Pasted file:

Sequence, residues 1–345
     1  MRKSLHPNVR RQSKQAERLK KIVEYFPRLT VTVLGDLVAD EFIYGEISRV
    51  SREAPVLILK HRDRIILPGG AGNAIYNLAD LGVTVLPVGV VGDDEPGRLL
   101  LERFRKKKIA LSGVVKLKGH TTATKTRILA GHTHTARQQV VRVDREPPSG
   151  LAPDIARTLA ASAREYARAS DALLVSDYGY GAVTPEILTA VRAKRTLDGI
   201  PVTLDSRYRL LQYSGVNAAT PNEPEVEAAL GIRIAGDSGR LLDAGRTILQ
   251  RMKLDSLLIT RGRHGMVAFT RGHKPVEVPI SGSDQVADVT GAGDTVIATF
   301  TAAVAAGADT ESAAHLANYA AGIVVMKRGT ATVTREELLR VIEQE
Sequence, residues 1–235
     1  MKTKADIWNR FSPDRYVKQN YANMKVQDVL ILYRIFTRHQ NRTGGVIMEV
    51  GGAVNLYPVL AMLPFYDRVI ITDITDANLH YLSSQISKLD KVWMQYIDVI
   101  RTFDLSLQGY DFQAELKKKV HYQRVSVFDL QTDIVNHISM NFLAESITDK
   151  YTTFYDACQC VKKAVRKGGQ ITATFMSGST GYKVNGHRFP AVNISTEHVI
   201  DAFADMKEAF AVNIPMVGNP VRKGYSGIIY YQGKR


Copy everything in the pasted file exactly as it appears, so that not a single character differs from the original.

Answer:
Sequence, residues 1–345
     1  MRKSLHPNVR RQSKQAERLK KIVEYFPRLT VTVLGDLVAD EFIYGEISRV
    51  SREAPVLILK HRDRIILPGG AGNAIYNLAD LGVTVLPVGV VGDDEPGRLL
   101  LERFRKKKIA LSGVVKLKGH TTATKTRILA GHTHTARQQV VRVDREPPSG
   151  LAPDIARTLA ASAREYARAS DALLVSDYGY GAVTPEILTA VRAKRTLDGI
   201  PVTLDSRYRL LQYSGVNAAT PNEPEVEAAL GIRIAGDSGR LLDAGRTILQ
   251  RMKLDSLLIT RGRHGMVAFT RGHKPVEVPI SGSDQVADVT GAGDTVIATF
   301  TAAVAAGADT ESAAHLANYA AGIVVMKRGT ATVTREELLR VIEQE
Sequence, residues 1–235
     1  MKTKADIWNR FSPDRYVKQN YANMKVQDVL ILYRIFTRHQ NRTGGVIMEV
    51  GGAVNLYPVL AMLPFYDRVI ITDITDANLH YLSSQISKLD KVWMQYIDVI
   101  RTFDLSLQGY DFQAELKKKV HYQRVSVFDL QTDIVNHISM NFLAESITDK
   151  YTTFYDACQC VKKAVRKGGQ ITATFMSGST GYKVNGHRFP AVNISTEHVI
   201  DAFADMKEAF AVNIPMVGNP VRKGYSGIIY YQGKR